The Princeton Environmental Institute (PEI) gave awards to 13 projects, including five within the School of Engineering and Applied Science, as part of its Water and the Environment Grand Challenge program. Totaling $1.01 million, the newly awarded undertakings explore an array of topics in multiple disciplines, from wastewater emissions and the role of climate change in spreading plant diseases, to nitrogen-hungry bacteria and a plan to capture carbon dioxide while mitigating mining runoff. The projects run from 2019 to 2021.
Part of PEI’s Grand Challenges program, the Water and the Environment Challenge focuses on critical environmental issues associated with physical, chemical and biological aspects of oceans and freshwater systems. Results from these projects are not only published, but also form the basis of community outreach efforts. Each project includes an educational component — particularly in the form of Princeton courses and PEI internships — that perpetuate the knowledge needed for a sustainable future.
Descriptions of the most recently funded projects involving engineering faculty are below.
A New Trait-Based Approach for Resolving Plant-Root-Water Interactions Across Plant Communities and Land Biomes
Lars Hedin, the George M. Moffett Professor of Biology and professor of ecology and evolutionary biology and the Princeton Environmental Institute, and Amilcare Porporato, the Thomas J. Wu ’94 Professor of Civil and Environmental Engineering and the Princeton Environmental Institute, will conduct the first in-depth study of how root traits and below-ground competition for water shape the structure and resilience of land ecosystems in a changing world. Their results could have a significant impact in understanding how climate change will influence the movement and stability of land ecosystems, as well as inform strategies for agriculture and conservation in a warmer world.
Assessing Wastewater Emissions of Greenhouse Gases and Air Pollutants and Their Impacts
Mark Zondlo, associate professor of civil and environmental engineering, and Z. Jason Ren, professor of civil and environmental engineering and the Andlinger Center for Energy and the Environment, will conduct a pilot field study to measure emissions of methane and nitrous oxide — both potent greenhouse gases — from wastewater treatment plants. Wastewater treatment accounts for 5% of global non-carbon dioxide greenhouse gas emissions, but these emissions are difficult to gauge due to chemical cycling, weather exposure and the locations of treatment plants. If successful, the project will be expanded to monitor plants nationwide to shed light on the wastewater industry’s impact on the environment and explore potential mitigation strategies.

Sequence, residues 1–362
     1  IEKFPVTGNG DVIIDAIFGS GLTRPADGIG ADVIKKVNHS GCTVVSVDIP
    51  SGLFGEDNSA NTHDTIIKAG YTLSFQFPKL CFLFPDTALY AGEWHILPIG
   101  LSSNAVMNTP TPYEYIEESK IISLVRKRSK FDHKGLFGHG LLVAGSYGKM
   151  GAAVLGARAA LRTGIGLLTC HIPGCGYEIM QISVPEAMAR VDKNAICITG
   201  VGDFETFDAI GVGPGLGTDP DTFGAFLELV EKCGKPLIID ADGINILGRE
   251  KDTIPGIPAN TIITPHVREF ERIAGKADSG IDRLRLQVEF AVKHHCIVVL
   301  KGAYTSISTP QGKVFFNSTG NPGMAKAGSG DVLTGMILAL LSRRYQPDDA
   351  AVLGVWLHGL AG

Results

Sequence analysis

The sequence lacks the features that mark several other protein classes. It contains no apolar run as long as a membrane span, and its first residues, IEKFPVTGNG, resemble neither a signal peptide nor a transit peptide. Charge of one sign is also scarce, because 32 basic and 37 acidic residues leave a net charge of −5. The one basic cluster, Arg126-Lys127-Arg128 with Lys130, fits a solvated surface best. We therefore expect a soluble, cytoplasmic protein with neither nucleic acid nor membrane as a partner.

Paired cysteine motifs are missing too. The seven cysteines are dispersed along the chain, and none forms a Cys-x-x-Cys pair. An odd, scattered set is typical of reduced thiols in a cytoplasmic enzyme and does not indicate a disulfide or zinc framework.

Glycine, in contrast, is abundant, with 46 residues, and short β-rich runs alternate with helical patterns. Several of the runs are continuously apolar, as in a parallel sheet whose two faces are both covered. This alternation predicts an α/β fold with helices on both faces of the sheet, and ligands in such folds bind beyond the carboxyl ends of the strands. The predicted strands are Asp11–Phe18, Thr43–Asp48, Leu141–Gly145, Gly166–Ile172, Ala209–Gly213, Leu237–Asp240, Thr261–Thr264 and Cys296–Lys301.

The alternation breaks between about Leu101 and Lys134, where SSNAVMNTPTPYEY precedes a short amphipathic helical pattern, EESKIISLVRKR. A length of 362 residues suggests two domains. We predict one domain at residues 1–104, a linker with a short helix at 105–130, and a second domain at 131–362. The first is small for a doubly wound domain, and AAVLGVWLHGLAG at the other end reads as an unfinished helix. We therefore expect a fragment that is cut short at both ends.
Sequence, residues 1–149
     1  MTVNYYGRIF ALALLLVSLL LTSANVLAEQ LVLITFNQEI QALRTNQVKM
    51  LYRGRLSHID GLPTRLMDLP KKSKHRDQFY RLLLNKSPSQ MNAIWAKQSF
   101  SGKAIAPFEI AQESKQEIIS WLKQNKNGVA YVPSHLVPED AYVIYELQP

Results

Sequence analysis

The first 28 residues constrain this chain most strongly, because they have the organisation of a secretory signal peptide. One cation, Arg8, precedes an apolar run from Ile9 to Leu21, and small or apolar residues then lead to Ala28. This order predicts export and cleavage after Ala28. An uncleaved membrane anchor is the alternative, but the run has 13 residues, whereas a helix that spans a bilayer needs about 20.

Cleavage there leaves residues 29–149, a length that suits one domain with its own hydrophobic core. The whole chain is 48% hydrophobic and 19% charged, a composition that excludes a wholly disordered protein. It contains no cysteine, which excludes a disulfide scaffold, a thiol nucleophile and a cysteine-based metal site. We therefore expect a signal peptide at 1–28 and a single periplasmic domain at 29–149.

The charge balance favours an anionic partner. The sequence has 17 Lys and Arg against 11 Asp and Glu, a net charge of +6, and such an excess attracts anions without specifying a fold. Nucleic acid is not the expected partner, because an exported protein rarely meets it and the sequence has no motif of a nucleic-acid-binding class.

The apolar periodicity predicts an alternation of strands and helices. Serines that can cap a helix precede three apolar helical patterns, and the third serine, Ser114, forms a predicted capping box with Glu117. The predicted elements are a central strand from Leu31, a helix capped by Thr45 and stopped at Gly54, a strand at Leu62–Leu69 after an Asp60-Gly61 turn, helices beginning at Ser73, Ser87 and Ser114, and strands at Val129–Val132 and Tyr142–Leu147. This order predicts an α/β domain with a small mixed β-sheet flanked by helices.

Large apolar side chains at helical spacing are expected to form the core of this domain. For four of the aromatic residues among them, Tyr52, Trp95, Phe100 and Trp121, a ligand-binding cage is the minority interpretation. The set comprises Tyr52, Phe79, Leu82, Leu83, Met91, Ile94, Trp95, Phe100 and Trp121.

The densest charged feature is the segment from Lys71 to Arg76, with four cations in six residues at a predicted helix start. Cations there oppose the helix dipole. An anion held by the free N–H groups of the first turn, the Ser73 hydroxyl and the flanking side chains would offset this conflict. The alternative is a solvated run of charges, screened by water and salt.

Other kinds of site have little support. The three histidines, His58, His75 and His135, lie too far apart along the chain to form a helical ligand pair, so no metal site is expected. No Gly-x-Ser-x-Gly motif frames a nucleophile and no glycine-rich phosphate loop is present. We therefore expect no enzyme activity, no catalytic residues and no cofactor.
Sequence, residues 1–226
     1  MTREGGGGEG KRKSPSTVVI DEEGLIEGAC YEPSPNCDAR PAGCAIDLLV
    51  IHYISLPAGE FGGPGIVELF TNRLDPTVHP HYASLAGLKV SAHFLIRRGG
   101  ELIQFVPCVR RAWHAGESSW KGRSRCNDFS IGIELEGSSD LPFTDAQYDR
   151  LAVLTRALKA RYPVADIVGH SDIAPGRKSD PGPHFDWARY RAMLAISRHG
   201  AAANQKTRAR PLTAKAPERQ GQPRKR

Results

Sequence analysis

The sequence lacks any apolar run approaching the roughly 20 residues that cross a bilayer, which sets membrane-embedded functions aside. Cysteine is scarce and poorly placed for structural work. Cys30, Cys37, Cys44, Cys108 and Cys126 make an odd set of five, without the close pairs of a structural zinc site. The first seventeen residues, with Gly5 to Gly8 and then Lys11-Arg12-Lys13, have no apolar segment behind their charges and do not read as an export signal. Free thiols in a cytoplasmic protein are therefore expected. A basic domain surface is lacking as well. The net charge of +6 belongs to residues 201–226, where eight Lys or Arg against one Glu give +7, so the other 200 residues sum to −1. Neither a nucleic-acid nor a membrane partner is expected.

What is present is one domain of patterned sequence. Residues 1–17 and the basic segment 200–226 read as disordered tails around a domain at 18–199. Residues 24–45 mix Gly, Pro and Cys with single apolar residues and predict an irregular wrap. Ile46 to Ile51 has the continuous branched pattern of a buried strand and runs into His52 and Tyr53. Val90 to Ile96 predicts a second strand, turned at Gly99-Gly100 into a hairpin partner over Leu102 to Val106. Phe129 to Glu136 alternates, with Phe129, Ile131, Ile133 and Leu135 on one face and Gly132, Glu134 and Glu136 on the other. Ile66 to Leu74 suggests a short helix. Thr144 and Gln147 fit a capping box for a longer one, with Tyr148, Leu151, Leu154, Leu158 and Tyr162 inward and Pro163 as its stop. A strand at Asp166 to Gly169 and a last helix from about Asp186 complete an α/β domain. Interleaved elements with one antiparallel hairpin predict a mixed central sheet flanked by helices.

The Water-Mining-Climate Nexus in South Africa: A Global Solution for a Local Problem
Professors Catherine Peters in civil and environmental engineering and Satish Myneni in geosciences will lead a team working in South Africa to develop a dual-purpose tool for mitigating atmospheric carbon dioxide while treating water polluted with mine runoff. South Africa is facing imminent climate extremes and water shortages, yet, many of the country’s freshwater resources are polluted with the toxic byproducts of mining for gold, platinum and other resources. Peters and Myneni will build off of a technique that uses mining waste to chemically capture carbon dioxide, and expand it to include the removal and containment of sulfates and trace elements from water.
Targeted Groundwater Remediation Using Engineered Nanoparticles
Sujit Datta and Rodney Priestley, assistant professor and professor, respectively, of chemical and biological engineering, will develop synthetic nanoparticles with controllable sizes, morphologies and chemistries that could be used to safely and affordably remove contaminants from groundwater aquifers. The novel structures — which they call engineered nanoscale zero valent iron (enZVI) particles — will be embedded with naturally occurring particles that have been shown to degrade common contaminants, but are unable to target specific pollutants. The researchers will refine the design and delivery of their enZVIs so they can be stably transported through an aquifer to target and remediate trapped contaminants.
Microphysics of Water in Secondary Organic Aerosol
Ian Bourg, assistant professor of civil and environmental engineering and the Princeton Environmental Institute, will use molecular-dynamics simulation to characterize the microphysics of water in secondary organic aerosol (SOA) particles, which are nanosized mixtures of water, organic compounds and inorganic ions. Although these tiny droplets have a strong influence on the Earth’s heat budget and on human health, how they form and behave in the atmosphere is poorly understood. Bourg’s research could shed light on the role of atmospheric water on climate and air quality, as well as enable more accurate predictions of Earth’s future climate and its effect on human health.
For the full list of projects receiving this award, see the original story published by the Princeton Environmental Institute.